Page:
Allegheny County roads exposed to ice, salt supplies, work crew threat
The impending winter storm may be brief but potentially dangerous as communities struggle with dwindling supplies of road salt and Allegheny County snowplow drivers threaten to strike.
Snow mixed with freezing rain is expected to start on Tuesday evening and leave a “significant ice or snow accumulation” on roads when it ends by Wednesday's morning commute, said Brad Rehak, a meteorologist at the National Weather Service in Moon. Some areas could get at least a quarter-inch of ice on Tuesday night and up to six inches of snow by Wednesday.
Meanwhile, the president of Teamsters Local 249 representing about 50 workers, most of them plow and salt truck drivers, admitted the union is using the storm as leverage in its contract negotiations with the county. But he said he wants to keep his members on the job.
“I don't want to go on strike,” said Joseph Rossi Jr., president of the union.
The workers have been without a contract for 13 months and are at odds with the county over pay.
The union wants the same raises other county employees were granted — 2 percent for 2013 and 2014 and 2.5 percent for 2015 and 2016. The county offered those raises but on a delayed schedule, according to the final offer the union rejected on Sunday.
The truck drivers are responsible for plowing and salting 640 miles of road throughout the county, said Public Works Director Steve Johnson. He said in the event of a strike, the county will still keep roads clear and salted. County spokeswoman Amie Downs declined to provide details.
Some communities are conserving salt as they wait for deliveries. River ice has stalled barges carrying salt from suppliers in Louisiana, and shipments are being diverted from Ohio, New York and central Pennsylvania, said Lou Gorski, executive director of the South Hills Area Council of Governments.
“I'm waiting on 750 tons, and we only have about two or three (hundred) in stock,” said Peters public works Director Peter Overcashier. “We normally use 100 tons or so every time we go out, so we're getting to be pretty critical here.”
Communities typically do not dig this deep into their stockpiles of salt. Bob Skrak, director of PennDOT's Butler County operations, said he has never been close to using his entire allotment.
As communities drain their supplies, the price for additional salt rises. Gorski, who negotiates salt contracts for 120 Pittsburgh-area municipalities, said when one of his towns uses more than 120 percent of its estimated allotment, the price per ton goes from $57.52 to $63.27; at 140 percent, it goes to $81.62 per ton. As of last week, eight communities had exceeded the 140 percent mark, including Blawnox, Cranberry, South Fayette and Stowe, Gorski said.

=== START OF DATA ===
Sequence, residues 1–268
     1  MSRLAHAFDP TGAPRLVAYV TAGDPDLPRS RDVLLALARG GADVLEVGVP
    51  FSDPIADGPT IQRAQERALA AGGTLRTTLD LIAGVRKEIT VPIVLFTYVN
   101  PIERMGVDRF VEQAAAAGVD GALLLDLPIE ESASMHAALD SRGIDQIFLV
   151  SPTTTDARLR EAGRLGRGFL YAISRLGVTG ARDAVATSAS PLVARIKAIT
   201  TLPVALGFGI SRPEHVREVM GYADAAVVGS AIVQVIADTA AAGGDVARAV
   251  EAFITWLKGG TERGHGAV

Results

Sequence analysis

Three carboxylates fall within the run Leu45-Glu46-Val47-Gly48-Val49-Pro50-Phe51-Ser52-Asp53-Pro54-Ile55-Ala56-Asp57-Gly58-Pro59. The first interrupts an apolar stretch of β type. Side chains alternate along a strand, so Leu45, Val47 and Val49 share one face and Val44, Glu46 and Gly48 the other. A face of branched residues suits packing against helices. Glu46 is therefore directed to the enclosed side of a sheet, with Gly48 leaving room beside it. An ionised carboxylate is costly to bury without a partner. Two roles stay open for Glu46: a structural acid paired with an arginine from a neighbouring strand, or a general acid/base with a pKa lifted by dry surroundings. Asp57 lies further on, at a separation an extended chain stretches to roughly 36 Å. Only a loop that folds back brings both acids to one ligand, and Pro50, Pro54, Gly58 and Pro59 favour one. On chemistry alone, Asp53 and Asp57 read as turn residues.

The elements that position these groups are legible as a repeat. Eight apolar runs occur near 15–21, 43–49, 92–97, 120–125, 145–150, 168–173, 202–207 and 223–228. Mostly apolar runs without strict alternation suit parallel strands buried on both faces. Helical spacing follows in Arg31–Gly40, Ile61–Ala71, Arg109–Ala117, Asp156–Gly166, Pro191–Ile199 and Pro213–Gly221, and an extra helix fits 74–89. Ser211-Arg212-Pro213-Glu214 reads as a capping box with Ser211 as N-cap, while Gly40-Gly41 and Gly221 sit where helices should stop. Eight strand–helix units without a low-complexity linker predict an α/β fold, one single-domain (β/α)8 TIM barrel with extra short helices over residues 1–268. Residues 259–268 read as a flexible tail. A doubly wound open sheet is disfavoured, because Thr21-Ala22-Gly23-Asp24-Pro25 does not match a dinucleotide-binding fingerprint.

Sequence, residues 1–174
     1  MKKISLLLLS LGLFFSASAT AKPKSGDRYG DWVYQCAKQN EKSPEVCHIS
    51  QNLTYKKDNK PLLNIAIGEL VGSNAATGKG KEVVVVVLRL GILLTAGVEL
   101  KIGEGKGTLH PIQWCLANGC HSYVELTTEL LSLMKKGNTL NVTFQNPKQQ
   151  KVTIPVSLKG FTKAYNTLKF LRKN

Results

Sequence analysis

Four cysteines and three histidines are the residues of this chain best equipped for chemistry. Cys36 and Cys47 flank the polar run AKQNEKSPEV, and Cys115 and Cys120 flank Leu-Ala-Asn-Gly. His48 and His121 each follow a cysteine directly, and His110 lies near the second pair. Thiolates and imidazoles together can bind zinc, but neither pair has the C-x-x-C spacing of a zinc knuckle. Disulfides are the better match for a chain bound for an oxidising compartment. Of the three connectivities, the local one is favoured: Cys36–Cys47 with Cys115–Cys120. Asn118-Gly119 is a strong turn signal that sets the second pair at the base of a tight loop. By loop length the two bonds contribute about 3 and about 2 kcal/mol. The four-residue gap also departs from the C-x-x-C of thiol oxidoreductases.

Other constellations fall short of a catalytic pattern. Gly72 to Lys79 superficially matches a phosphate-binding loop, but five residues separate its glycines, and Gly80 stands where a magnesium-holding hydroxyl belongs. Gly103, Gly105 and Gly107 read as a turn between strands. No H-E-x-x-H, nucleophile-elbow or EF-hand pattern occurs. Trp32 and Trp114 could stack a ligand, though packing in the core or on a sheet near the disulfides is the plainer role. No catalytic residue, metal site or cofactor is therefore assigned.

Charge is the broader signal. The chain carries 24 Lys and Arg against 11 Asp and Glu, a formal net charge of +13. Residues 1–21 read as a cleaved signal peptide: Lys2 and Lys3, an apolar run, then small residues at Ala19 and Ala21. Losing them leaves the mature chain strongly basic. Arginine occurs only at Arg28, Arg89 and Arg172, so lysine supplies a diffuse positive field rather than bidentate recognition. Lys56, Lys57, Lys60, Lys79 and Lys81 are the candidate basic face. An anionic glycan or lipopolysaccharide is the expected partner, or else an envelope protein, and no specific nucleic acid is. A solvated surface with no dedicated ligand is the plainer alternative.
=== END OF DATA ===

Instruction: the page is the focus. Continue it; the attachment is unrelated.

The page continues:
“This is absolutely the worst winter we've seen,” said Shaler Manager Tim Rogers. “We plan to salt less and try to do more plowing to reduce what's on the road.”
Verona officials expect their supply to be replenished before the storm hits. In Penn Hills, an additional 3,000 tons of salt is expected to be delivered by Tuesday, said municipal manager Moe Rayan.
Pittsburgh mayoral spokeswoman Sonya Toler could not provide estimates of the city's salt stockpiles but believed that they were adequate and that scheduled deliveries were being received.
Jeannette Mayor Richard Jacobelli said the city has enough salt to get through next week, but other Westmoreland County communities are anxiously awaiting deliveries. A 400-ton shipment for Hempfield promised last week hasn't arrived. Greensburg ordered 200 tons from its supplier but received only 47 tons on Friday, city Administrator Sue Trout said.
“We're very low. We're extremely low,” she said. “We're going to start mixing our salt with anti-skid material.”
Aaron Aupperlee and Matthew Santoni are staff writers for Trib Total Media. Staff writers Stacey Federoff, Richard Gazarik, Bethany Hofstetter, Brian Rittmeyer, Bob Stiles and Patrick Varine contributed to this report.
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